As comms professionals we’ve always been taught that face to face is always best. It feels instinctively right and surveys always confirm it to be true – given the choice, employees will always prefer to receive information face to face from their own boss. As a consultant and trainer, I myself have never strayed from the path when advising clients. Of course it’s true. It makes perfect sense. But what’s the point of face to face communication? No, really, what’s the point? Why is seeing a leader on a platform giving a presentation any more effective than being sent the slides by email, or downloading a PDF off the intranet? Why are people so keen on being in the same room?
The answer is not in the words. It’s in the eyes. People want to communicate F2F because they want to see the other person’s eyes … and the face, and the expression, and the posture. Face to face is a physical medium, and that’s why we like it. Approach a new born baby (well, give it a week or two!) and watch the way it studies your eyes. It’s fascinated. The baby will stare into your eyes searching for meaning. We never lose that curiosity. Eye contact is one of the essential ingredients of human relationships. There’s an old saying that goes “never trust anyone you haven’t looked in the eye”. Eye contact is vital to building trust, so when our leaders ask us to trust them, they’ll stand a much better chance if they came to actually meet us. It’s probably why we don’t trust politicians – because the vast majority of us have never looked one in the eye. Many of us will have people in our LinkedIn network who we’ve only briefly met, say at a conference. But why do we feel we know them? Because we’ve looked into their eyes, and they’ve looked into ours. Face to face communication is not so much about what’s said in the room, it’s more about what happens in the room. It’s far better to have a leader go round the room meeting everyone and looking into their eyes, than up on platform reading off a slide. I heard a lovely quote the other day on a creative leadership webinar that said “leaders should be generous with their eyes”, which I think puts it rather well.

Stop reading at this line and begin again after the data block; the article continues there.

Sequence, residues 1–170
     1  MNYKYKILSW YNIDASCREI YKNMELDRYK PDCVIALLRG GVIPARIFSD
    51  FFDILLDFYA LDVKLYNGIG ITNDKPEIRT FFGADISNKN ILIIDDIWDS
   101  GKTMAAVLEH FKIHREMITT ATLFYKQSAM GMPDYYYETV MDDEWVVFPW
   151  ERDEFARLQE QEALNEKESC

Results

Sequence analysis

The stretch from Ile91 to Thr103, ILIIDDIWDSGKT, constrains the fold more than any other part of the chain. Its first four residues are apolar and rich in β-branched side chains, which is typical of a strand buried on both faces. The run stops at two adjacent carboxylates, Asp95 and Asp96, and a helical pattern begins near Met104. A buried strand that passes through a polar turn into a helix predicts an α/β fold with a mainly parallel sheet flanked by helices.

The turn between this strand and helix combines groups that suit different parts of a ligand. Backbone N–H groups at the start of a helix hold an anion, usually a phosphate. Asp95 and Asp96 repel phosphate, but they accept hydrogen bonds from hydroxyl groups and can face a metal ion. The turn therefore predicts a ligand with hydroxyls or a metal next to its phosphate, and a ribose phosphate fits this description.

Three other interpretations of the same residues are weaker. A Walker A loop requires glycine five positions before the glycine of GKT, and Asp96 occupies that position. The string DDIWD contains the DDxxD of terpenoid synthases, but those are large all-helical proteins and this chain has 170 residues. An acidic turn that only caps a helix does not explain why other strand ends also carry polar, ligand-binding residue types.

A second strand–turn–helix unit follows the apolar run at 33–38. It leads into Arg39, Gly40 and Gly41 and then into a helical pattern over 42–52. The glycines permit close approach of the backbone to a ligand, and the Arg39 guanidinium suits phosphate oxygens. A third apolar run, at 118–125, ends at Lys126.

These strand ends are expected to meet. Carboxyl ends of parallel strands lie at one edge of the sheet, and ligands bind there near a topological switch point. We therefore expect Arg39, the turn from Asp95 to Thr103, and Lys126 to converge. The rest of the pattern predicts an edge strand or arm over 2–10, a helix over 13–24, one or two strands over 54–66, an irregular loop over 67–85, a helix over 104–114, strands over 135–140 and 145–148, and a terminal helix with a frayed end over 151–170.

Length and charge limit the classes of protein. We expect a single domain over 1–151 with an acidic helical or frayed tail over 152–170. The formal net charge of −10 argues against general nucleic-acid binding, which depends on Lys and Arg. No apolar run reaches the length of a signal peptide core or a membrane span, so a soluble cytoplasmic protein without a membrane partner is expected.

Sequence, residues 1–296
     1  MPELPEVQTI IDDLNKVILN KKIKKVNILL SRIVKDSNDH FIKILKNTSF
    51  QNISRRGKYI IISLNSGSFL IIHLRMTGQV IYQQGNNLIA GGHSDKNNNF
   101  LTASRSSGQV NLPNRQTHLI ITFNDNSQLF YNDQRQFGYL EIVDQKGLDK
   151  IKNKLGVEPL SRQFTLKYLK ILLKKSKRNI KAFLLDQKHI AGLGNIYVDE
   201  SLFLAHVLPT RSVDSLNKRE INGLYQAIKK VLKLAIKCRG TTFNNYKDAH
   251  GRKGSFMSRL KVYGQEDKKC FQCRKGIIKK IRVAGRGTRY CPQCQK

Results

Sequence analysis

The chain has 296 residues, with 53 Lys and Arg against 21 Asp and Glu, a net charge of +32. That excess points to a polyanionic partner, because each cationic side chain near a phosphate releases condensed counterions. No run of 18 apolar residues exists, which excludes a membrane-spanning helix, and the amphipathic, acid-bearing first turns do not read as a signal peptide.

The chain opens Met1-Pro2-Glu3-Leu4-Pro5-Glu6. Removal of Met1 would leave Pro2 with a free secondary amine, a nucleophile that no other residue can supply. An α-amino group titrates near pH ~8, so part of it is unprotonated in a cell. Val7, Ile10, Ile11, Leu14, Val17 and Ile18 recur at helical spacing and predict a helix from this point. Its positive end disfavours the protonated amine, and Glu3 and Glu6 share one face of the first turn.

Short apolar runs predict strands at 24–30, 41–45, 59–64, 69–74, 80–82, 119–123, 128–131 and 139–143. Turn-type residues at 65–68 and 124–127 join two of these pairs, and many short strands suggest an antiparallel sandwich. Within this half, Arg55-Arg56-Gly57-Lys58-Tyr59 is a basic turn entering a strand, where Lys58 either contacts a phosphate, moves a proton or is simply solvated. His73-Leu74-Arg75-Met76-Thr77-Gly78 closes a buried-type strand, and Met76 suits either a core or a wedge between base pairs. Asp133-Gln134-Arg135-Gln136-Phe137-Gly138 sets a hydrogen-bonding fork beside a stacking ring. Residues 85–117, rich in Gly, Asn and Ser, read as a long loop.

And it’s not just about eyes. The human face has almost 90 muscles and so it’s an incredibly informative feature. You hear about people’s face ‘lighting up’ when they’re excited or ‘looking down in the dumps’ when they’re fed up. Interpreting facial expressions is a party trick of our right brain. We’re instinctively good at reading expressions and emotions, when words aren’t required (particularly women). Emotional connection also builds trust and engagement, but how much emotion do we see in the typical workplace? We teach managers not to show emotion – don’t blink, don’t let them see you sweat, don’t admit to any failings. We expect leaders to be strong and pokerfaced. But that’s not conducive to effective face to face communication. Surely we want communication to be natural, expressive, collaborative, authentic and have some emotional content? That’s why we choose face to face, right? But most leaders feel they need to leave their real self at the office door. In meetings and presentations, we listen to the words but we listen to the eyes and the body more. And the body never stops communicating. This culture of emotional impotence has got to change, and it is I hope. The term ‘emotional intelligence’ – the capacity to understand and relate to people – is gaining some traction in many organisations as leaders realise the increasing need for skills like empathy, creativity and relationship building. This is what builds trust and engagement. As comms people, we know we’re right to promote the face to face channel, but we should remind ourselves why.